When you’re behind the wheel, it’s important that you follow the rules of the road. You should also drive defensively, which means anticipating potential hazards. But how do you practice defensive driving? These tips should help you become a better defensive driver.
Stay alert and avoid distractions. To drive
defensively, you need to be aware of your surroundings. That means you shouldn’t
drive when you’re not alert, so avoid any possible distractions. This includes
your phone, radio, or eating while driving.
Keep a safe following distance. You need plenty of
space between you and the car in front of you so you can stop with enough space
to avoid a collision. Consider following the three-second rule. It should take
you at least three seconds to catch up with them if they come to a full stop.
Increase this time to six seconds if it’s nighttime or if there’s bad weather.
Drive at a safe speed. Speed limits exist to keep you
safe. Staying within this range will allow you to anticipate potential hazards
Check your mirrors. Being aware of your surroundings
is imperative to defensive driving. Continually check your mirrors so you know
where pedestrians, other vehicles, and other obstacles are at all times.
The vehicles at High River Toyota have many safety tools installed to help you become a safer driver.
The number of collisions caused by distracted driving is increasing every year. Because distracted driving has become such a large issue, all 10 provinces in Canada have some form of cell phone/distracted driving legislation. In Alberta, that includes a fine of $287 and 3 demerits on your licence. Here, we look at some tips for safe driving that will help reduce distractions.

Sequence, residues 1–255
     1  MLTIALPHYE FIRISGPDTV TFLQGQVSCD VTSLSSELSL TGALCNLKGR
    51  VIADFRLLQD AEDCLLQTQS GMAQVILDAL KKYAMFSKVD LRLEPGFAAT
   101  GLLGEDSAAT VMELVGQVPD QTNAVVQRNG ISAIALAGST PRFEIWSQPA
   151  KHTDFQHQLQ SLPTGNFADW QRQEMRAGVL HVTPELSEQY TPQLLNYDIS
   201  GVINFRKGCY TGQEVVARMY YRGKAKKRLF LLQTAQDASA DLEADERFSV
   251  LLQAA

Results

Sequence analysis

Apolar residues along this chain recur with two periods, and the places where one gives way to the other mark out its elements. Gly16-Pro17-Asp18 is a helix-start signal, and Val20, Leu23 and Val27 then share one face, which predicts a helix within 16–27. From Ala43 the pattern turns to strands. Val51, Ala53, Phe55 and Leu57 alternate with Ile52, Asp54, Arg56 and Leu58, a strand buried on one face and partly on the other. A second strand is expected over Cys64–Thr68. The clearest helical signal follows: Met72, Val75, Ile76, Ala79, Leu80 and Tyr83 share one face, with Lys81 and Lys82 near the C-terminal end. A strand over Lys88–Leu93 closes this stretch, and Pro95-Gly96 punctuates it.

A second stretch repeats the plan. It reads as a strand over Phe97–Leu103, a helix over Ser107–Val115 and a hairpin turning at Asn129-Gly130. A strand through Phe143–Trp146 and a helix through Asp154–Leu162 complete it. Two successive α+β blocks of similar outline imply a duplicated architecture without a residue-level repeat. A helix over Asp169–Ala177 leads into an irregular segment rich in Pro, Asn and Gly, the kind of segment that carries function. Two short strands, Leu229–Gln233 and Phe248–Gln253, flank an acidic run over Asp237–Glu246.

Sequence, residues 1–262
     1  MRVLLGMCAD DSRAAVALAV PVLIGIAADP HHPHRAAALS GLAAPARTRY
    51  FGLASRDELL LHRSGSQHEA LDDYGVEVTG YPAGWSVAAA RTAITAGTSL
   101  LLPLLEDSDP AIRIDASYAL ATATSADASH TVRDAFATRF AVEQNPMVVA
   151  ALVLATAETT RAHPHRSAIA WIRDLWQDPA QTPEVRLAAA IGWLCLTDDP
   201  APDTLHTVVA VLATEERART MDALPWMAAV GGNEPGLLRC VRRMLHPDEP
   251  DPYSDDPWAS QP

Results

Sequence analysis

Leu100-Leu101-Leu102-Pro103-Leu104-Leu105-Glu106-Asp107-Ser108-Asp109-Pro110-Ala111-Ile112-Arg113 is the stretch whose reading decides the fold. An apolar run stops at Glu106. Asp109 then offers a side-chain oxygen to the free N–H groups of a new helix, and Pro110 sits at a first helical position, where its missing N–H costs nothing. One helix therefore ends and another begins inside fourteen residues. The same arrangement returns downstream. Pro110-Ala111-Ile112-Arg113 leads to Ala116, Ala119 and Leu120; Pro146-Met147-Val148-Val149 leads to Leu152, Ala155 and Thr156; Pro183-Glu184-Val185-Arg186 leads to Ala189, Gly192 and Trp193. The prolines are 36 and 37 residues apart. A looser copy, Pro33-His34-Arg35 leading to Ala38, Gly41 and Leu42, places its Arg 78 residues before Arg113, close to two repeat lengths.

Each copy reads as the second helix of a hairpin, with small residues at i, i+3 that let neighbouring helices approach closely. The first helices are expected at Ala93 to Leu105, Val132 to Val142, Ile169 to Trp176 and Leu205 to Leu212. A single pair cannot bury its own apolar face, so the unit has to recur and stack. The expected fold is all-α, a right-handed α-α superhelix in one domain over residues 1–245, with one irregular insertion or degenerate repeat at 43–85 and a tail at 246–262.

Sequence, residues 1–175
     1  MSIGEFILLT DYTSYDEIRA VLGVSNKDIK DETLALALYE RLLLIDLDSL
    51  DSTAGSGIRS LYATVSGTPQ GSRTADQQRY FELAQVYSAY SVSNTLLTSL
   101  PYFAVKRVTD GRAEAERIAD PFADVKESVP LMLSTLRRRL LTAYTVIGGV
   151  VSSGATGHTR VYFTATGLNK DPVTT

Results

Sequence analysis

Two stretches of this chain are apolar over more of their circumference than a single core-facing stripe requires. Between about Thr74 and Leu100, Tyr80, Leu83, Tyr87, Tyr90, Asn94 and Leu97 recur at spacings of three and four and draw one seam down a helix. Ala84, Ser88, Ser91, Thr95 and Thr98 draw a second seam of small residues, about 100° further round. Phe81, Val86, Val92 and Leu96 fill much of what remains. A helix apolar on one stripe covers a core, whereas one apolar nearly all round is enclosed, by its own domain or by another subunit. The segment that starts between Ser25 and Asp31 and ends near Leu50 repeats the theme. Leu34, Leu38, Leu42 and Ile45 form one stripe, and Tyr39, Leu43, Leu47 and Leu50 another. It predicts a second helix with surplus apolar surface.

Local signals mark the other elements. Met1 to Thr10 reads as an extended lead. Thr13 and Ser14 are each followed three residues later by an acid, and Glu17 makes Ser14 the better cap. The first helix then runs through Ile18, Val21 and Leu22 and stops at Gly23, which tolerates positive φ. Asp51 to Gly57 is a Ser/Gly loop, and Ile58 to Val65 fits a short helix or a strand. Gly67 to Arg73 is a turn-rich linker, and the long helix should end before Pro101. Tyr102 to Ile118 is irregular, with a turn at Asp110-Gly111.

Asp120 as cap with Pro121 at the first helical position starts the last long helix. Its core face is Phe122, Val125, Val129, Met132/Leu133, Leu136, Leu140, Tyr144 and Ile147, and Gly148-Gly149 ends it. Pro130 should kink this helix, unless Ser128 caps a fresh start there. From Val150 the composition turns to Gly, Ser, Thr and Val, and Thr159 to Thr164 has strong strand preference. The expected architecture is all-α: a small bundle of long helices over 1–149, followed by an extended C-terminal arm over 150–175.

Put Your Phone Away
Texting and making phone calls when driving is dangerous. To avoid the temptation to do so, consider putting your phone in your glove box or centre console storage. That way, even if you get a message on the go, you won’t even know you have.
Don’t Eat While on the Road
Eating snacks while you’re driving might seem like a good idea – especially on long road trips – but it can pull your eyes away from the road ahead. If you’re hungry, consider parking in a parking lot or, better yet, taking an hour’s break from your drive and sit in at a local restaurant.
Set Your GPS Before You Leave
Fiddling with your navigation system when your car is moving is as dangerous as sending a text. Enter your destination into the system before you leave or pull over to do so.
Turn Down Your Music
There’s nothing more enjoyable than rolling the windows down and blasting some tunes when the weather’s nice. This can qualify as distracted driving, though, and make hearing emergency sirens difficult. Consider turning the music down to ensure you’re not distracted by your favourite song while behind the wheel.